• gd (Data Processing Function): This function processes the data structure obtained from json->listvals. It defines four inner functions gg1, gg2, gg3, and gg4, each designed to handle a specific number of variables returned in the SPARQL query result. It uses a case statement to determine which inner function to call based on the length of the data.
  • sparql-dbpedia: This is the entry function which accepts a sparql argument, invokes sparql-query->hash to execute the SPARQL query, and then calls gd to process the resulting data structure.

Usage Flow:

The typical flow would be to call sparql-dbpedia-person-uri with a person’s name to obtain the person’s URI and comment from DBpedia. Following that, sparql-dbpedia-for-person can be invoked with the obtained URI to fetch more detailed information like websites associated with the person. The results from these queries are then processed through sparql-query->hash, json->listvals, and gd to transform the raw JSON response into a structured list format, making it easier to work with within the Racket environment.

  1 #lang at-exp racket
  3 (provide sparql-dbpedia-person-uri)
  4 (provide sparql-query->hash)
  5 (provide json->listvals)
  6 (provide sparql-dbpedia)
  8 (require net/url)
  9 (require net/uri-codec)
 10 (require json)
 11 (require racket/pretty)
 13 (define (sparql-dbpedia-for-person person-uri)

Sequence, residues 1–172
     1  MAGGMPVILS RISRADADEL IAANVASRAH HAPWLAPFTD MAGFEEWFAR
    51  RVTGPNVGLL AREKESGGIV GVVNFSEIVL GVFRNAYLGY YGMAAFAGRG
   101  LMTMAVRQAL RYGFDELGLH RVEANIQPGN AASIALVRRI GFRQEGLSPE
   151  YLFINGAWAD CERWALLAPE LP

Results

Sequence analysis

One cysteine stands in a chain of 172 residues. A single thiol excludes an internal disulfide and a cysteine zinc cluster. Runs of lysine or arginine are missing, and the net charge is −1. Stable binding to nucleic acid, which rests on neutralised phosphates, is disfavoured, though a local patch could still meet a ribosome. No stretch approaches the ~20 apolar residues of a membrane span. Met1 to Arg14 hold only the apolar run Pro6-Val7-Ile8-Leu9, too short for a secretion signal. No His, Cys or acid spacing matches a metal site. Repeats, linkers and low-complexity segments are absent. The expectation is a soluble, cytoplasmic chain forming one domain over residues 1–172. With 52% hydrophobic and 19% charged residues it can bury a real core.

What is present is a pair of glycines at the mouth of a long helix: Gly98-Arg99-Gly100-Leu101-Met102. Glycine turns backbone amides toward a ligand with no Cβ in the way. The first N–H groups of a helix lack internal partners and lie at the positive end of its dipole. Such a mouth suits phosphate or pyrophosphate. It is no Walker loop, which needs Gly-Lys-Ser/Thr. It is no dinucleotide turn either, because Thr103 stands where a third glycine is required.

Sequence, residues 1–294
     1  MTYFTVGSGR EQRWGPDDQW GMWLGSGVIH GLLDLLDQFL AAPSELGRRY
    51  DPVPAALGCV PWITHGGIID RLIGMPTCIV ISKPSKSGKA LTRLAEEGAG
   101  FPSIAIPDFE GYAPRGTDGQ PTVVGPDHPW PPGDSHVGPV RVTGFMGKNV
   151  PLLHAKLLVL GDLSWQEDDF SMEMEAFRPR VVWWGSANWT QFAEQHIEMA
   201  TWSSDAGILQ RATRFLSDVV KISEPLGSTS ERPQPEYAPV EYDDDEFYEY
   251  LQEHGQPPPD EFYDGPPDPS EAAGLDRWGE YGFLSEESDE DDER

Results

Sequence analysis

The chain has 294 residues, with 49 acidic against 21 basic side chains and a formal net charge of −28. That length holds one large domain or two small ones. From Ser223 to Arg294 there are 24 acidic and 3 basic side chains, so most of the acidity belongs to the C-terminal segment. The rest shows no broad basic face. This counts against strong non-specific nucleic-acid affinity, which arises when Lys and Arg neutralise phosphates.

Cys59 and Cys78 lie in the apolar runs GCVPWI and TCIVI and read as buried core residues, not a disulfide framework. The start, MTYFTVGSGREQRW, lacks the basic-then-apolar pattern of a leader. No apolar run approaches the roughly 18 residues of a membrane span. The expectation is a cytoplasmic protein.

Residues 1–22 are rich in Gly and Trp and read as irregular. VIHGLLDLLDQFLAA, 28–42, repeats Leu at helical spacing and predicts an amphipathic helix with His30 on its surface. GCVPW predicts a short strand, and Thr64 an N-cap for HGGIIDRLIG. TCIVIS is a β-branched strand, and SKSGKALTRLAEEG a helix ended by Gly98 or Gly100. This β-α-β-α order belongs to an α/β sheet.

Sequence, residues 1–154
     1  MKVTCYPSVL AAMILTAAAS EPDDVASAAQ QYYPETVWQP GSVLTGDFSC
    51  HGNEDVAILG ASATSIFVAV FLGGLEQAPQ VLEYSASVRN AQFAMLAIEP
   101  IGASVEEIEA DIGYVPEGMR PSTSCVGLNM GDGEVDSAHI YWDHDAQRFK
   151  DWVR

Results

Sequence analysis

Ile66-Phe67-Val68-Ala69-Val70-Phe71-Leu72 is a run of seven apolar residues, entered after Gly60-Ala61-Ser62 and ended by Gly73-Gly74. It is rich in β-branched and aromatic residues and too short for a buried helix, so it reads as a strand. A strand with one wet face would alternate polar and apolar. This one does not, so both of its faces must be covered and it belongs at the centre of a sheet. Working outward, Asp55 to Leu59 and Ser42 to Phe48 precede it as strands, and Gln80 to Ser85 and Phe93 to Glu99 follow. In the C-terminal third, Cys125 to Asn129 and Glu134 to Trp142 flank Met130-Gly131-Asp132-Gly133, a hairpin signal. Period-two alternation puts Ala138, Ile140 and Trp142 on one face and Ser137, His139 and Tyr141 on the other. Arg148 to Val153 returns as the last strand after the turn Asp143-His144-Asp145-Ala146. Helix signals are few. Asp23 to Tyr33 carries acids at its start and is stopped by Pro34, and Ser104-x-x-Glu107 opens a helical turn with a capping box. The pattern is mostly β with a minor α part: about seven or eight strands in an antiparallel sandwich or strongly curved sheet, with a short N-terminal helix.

14   @string-append{
 15      SELECT
 16       (GROUP_CONCAT(DISTINCT ?website; SEPARATOR="  |  ")
 17                                    AS ?website) ?comment {
 18       OPTIONAL {
 19        @person-uri
 20        <>
 21        ?comment . FILTER (lang(?comment) = 'en')
 22       } .
 23       OPTIONAL {
 24        @person-uri
 25        <>
 26        ?website
 27         . FILTER( !regex(str(?website), "dbpedia", "i"))
 28       }
 29      } LIMIT 4})
 31 (define (sparql-dbpedia-person-uri person-name)
 32   @string-append{
 33     SELECT DISTINCT ?personuri ?comment {
 34       ?personuri
 35         <>
 36         "@person-name"@"@"en .
 37       ?personuri
 38         <>
 39         ?comment .
 40              FILTER  (lang(?comment) = 'en') .
 41 }})
 44 (define (sparql-query->hash query)
 45   (call/input-url
 46    (string->url
 47     (string-append
 48      ""
 49      (uri-encode query)))
 50    get-pure-port
 51    (lambda (port)
 52      (string->jsexpr (port->string port)))
 53    '("Accept: application/json")))
 55 (define (json->listvals a-hash)
 56   (let ((bindings (hash->list a-hash)))
 57     (let* ((head (first bindings))
 58            (vars (hash-ref (cdr head) 'vars))
 59            (results (second bindings)))
 60       (let* ((x (cdr results))
 61              (b (hash-ref x 'bindings)))
 62         (for/list
 63             ([var vars])
 64           (for/list ([bc b])
 65             (let ((bcequal